How to use the Feathers Radio component

The Radio component is actually a ToggleButton component, but it is given a different visual appearance. Typically, multiple Radio instances are added to a ToggleGroup to ensure that only one Radio in the group is selected at a time.

Screenshot of a Feathers Radio component
Radio components skinned with MetalWorksMobileTheme

Using ToggleGroup

If no ToggleGroup is provided, a Radio will automatically add itself to Radio.defaultRadioGroup. In general, though, you should always create a ToggleGroup for a distinct set of radio buttons.

var group:ToggleGroup = new ToggleGroup();
var radio1:Radio = new Radio();
radio1.label = "One";
radio1.toggleGroup = group;
this.addChild( radio1 );
var radio2:Radio = new Radio();
radio2.label = "Two";
radio2.toggleGroup = group;
this.addChild( radio2 );
var radio3:Radio = new Radio();
radio3.label = "Three";
radio3.toggleGroup = group;
this.addChild( radio3 );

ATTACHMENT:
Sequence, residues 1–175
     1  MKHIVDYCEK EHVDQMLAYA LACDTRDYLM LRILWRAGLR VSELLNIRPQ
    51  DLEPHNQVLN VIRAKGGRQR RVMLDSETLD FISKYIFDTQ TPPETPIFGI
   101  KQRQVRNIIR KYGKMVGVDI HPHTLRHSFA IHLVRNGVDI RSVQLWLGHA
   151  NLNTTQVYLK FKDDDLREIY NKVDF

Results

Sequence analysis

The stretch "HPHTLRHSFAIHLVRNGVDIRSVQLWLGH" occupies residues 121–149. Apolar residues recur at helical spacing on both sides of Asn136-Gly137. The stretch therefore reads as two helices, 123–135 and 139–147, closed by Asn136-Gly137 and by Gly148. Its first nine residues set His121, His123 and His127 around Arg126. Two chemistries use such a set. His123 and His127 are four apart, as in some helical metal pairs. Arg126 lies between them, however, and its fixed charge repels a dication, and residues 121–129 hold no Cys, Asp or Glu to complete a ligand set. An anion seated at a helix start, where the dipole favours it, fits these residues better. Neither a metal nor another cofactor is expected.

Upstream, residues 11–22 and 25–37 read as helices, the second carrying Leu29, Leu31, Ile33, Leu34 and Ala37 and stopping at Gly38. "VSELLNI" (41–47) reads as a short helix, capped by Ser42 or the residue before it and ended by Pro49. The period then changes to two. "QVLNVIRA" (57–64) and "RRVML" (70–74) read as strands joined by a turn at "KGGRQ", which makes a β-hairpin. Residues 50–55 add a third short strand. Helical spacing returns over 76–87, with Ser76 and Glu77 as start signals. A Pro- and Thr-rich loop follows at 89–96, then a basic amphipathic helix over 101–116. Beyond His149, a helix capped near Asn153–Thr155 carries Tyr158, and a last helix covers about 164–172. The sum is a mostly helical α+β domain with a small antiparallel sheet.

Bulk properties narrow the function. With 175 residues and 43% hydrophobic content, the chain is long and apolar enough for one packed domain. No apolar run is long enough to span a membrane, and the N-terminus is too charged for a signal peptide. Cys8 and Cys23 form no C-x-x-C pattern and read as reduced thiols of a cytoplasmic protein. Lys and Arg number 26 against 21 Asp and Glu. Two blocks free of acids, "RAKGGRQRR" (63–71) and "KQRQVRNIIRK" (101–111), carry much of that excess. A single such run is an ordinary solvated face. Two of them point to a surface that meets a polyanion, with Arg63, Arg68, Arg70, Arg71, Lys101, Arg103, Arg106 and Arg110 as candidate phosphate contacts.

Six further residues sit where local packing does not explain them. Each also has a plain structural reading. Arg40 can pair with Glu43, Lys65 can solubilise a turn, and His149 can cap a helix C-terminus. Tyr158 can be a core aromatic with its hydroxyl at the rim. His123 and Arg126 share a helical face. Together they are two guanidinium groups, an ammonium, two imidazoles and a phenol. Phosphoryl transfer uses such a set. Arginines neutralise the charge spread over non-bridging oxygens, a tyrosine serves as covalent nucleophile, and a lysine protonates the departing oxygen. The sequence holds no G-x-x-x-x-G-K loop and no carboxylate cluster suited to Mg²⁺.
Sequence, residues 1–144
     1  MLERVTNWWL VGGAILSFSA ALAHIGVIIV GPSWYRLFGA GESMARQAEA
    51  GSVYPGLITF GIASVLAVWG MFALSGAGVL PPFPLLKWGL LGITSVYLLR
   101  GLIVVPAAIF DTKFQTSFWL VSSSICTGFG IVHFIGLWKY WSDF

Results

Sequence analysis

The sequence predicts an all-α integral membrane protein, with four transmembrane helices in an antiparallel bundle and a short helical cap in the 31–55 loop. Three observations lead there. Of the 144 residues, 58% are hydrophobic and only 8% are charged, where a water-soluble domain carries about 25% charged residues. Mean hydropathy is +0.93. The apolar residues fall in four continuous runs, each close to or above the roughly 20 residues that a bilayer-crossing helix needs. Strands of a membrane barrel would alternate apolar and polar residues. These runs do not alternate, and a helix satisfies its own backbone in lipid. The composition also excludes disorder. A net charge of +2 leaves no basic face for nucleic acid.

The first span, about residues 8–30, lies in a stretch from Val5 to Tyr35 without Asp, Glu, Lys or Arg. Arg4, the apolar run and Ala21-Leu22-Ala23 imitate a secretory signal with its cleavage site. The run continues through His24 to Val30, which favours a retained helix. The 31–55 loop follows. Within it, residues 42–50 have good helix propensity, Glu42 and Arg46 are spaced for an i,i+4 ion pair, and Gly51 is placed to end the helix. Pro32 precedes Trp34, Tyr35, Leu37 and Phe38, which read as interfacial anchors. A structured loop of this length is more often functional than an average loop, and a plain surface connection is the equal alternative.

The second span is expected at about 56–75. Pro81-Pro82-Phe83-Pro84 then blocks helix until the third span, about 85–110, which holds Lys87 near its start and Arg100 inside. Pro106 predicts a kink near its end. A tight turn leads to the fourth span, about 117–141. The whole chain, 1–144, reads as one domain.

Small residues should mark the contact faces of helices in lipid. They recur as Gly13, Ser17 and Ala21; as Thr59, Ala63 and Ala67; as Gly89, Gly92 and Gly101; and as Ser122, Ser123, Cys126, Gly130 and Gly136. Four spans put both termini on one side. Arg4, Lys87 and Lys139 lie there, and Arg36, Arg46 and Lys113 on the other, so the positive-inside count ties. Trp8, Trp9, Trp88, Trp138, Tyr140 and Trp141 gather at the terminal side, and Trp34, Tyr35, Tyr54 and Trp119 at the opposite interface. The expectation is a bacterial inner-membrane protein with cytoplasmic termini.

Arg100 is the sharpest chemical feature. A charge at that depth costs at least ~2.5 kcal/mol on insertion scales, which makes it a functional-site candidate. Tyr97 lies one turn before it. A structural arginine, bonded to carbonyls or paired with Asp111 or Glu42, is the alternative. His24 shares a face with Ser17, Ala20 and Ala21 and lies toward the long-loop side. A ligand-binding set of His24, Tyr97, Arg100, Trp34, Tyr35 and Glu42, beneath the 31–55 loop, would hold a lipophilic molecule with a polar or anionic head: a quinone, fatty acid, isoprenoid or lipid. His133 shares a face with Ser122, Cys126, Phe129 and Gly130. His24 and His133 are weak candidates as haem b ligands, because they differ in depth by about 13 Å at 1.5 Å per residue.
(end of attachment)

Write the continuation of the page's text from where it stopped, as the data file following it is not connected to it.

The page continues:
Simply pass the ToggleGroup instance to the toggleGroup property of a Radio instance.

Listen for the Event.CHANGE event dispatched by the toggle group to know when the selected radio button has changed.

group.addEventListener( Event.CHANGE, group_changeHandler );

A listener might look like this:

function group_changeHandler( event:Event ):void
    var group:ToggleGroup = ToggleGroup( event.currentTarget );
    trace( "group.selectedIndex:", group.selectedIndex );

Use the selectedIndex to get the numeric index of the selected radio button (based on the order that the radio buttons were added to the toggle group). The selectedItem will reference the selected radio button directly:

var radio:Radio = Radio( group.selectedItem );
trace( "radio.label:", radio.label );

Skinning a Radio

A skinned Radio component usually has no background (or a transparent one) and the touch states of the radio are displayed through the icon skins. For full details about what skin and style properties are available, see the Radio API reference.

User Experience

In general, a set of Radio controls should be used only when there are three or more choices that a user must make. If there are only two choices, a Check or a ToggleSwitch may be more appropriate. If there are so many choices that a set of Radio controls will fill a significant amount of space on screen, a PickerList is probably a better choice. The default item renderer of a PickerList is also a subclass of ToggleButton, so it's possible to style the list's items to look like radio buttons, if you prefer.